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Annual Report 2016 - 2017

Complaint handling

We are accountable to the public through an open and efficient complaints process.

Improvements in finalising matters within 21 days

We received 380 complaints in 2016–2017 and 260 inquiries from third parties querying another person’s grant of aid. See Table 3 below for details.

We encourage all types of feedback and recorded 31 compliments and nine suggestions. This allows us to know when we are doing well and encourages people to tell us how we might improve.

The data in Table 3 shows an improvement in finalising matters within 21 days and in the 12+ weeks period compared with the previous year.

Table 3: Number of complaints and inquiries—three-year comparison

Grants—eligibility inquiries* 184 283* 260
Grants—refusals 31 44 40
Inhouse—customer service 44 59 45
Inhouse lawyer 67 68 101
Staff (other than inhouse lawyer) 3 1 5
Policy and/or administrative processes 56 32 15
Private lawyer—conduct 43 68* 78
Private lawyer—fees 16 15 18
Independent Children’s Lawyer—conduct 20 26 29
Mediator—conduct 14 20 13
Funding allocations 51 24 7
Other 15 21 29
Total complaints 360 378 380
Outcome of complaints
Upheld 18 19 23
Partially upheld 22 28 28
Not upheld 170 194 220
Referred to other body 16 17 1
Response to Minister’s office or Community Relations Unit 91 84 45
Professional Practices Branch 1 0 0
Complaint—unknown outcome (eg s25/26) 25 24 40
To be determined 17 12 23
Total 360 378 380
Time taken to close complaints
Within 21 days 65% 65% 74%
4–6 weeks 22% 18% 16%
7–12 weeks 9% 6% 9%
12+ weeks 4% 11% 1%

* Increase in numbers due to better recording.
The data shows an improvement in finalising matters within 21 days and in the 12+ weeks period compared with the previous year.

Client Service Unit—complaints and feedback

The complaints function was moved into the newly formed Client Service Unit in November 2016 to ensure that feedback is used effectively to inform service improvement.

Aiming for best practice complaint handling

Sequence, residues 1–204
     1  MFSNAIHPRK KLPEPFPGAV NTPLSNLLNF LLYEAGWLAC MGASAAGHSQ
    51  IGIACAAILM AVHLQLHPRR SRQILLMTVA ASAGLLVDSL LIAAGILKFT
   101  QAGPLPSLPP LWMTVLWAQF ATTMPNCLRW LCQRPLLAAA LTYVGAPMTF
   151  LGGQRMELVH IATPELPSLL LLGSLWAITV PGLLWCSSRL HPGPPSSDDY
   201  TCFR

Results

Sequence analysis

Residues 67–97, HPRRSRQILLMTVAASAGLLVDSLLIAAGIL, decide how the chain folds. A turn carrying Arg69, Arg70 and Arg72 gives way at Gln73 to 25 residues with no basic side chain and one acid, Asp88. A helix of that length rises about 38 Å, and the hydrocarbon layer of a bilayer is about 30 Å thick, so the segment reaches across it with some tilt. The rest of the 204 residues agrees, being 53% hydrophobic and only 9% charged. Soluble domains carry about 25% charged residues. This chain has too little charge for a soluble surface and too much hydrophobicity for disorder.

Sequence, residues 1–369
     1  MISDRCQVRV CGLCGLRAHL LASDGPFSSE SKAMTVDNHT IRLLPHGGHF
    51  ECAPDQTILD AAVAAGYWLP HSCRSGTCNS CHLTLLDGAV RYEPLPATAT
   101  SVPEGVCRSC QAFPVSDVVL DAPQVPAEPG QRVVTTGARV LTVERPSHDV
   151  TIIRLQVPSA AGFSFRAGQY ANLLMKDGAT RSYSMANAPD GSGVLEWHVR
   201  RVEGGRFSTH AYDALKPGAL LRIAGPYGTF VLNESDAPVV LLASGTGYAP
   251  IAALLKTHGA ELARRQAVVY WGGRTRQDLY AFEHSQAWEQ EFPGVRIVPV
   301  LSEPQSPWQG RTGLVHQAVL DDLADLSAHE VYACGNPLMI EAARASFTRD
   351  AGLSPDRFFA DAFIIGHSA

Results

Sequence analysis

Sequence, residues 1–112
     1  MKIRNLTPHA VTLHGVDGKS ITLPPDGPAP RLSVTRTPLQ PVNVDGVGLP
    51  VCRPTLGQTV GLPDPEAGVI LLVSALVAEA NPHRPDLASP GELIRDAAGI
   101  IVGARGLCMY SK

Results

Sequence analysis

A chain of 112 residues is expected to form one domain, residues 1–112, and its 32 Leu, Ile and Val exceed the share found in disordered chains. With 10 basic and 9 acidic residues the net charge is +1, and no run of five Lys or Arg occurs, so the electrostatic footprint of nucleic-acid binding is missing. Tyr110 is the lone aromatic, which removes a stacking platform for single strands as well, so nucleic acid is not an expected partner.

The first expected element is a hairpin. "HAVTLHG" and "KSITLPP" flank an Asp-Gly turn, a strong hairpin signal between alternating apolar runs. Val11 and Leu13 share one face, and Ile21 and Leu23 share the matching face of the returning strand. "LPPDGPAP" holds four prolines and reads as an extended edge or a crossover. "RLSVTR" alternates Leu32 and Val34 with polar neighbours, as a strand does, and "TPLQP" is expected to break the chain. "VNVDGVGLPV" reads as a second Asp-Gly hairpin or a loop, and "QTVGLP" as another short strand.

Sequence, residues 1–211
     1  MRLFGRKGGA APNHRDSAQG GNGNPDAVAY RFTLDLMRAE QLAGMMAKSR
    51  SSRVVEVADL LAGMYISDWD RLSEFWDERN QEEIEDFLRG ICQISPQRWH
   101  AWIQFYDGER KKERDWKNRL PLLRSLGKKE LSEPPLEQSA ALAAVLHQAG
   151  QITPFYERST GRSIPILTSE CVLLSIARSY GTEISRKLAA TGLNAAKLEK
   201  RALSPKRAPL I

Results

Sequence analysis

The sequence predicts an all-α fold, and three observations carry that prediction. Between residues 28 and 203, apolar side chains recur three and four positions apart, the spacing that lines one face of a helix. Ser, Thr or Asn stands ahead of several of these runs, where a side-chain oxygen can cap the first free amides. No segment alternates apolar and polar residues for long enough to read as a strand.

The creation of an internal Complaints Working Group in June 2017 will embed best practice complaint handling and train staff from across all areas of our organisation. Group members will focus on:

  • standardising and improving the quality of complaint handling
  • being a source of expertise for their areas
  • monitoring systemic issues raised by complaints
  • compiling a complaints toolkit for staff.

Who complains to us?

We conducted a trial from January to May 2017 of collecting data about whether complainants have a disability or special need as part of the Legal Aid NSW Diversity Action Plan 2015–2017.

We will explore improving our data collection about complainants to identify if we need to do more work to reduce barriers for some clients who may experience particular difficulty in making a complaint.

Responding to Government initiatives for higher quality

The NSW Customer Service Commissioner and the NSW Ombudsman are working to improve the quality of complaint handling across all New South Wales government agencies. One initiative is the introduction of a standard entry point (or widget) for all New South Wales state agencies for feedback on their websites.

We began working with the Department of Finance, Services and Innovation to explore the introduction of this new online feedback system by the end of 2017.

We also identified and reported on areas for improvement with our complaint handling as part of the Complaint Handling Implementation Plan for all agencies within the Justice cluster.

The year ahead

  • Continue to ensure all appellants to Legal Aid Review Committees are afforded procedural fairness.
  • Conduct an external audit of our complaints function and improve our demographic data.
  • Improve our online feedback function and produce a complaints toolkit for staff.
  • Raise awareness amongst all staff of our obligations under privacy laws and the GIPA Act.